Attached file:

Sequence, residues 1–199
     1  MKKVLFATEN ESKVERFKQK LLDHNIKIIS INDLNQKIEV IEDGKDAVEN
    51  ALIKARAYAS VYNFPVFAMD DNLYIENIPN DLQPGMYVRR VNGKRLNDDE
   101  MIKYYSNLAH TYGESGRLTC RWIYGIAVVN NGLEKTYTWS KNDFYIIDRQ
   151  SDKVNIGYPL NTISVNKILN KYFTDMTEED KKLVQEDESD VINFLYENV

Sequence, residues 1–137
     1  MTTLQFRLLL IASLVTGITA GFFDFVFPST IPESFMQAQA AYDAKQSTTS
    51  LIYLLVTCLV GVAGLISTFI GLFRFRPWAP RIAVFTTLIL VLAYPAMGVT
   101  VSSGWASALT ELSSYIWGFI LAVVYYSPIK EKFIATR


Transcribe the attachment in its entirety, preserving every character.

Sequence, residues 1–199
     1  MKKVLFATEN ESKVERFKQK LLDHNIKIIS INDLNQKIEV IEDGKDAVEN
    51  ALIKARAYAS VYNFPVFAMD DNLYIENIPN DLQPGMYVRR VNGKRLNDDE
   101  MIKYYSNLAH TYGESGRLTC RWIYGIAVVN NGLEKTYTWS KNDFYIIDRQ
   151  SDKVNIGYPL NTISVNKILN KYFTDMTEED KKLVQEDESD VINFLYENV

Sequence, residues 1–137
     1  MTTLQFRLLL IASLVTGITA GFFDFVFPST IPESFMQAQA AYDAKQSTTS
    51  LIYLLVTCLV GVAGLISTFI GLFRFRPWAP RIAVFTTLIL VLAYPAMGVT
   101  VSSGWASALT ELSSYIWGFI LAVVYYSPIK EKFIATR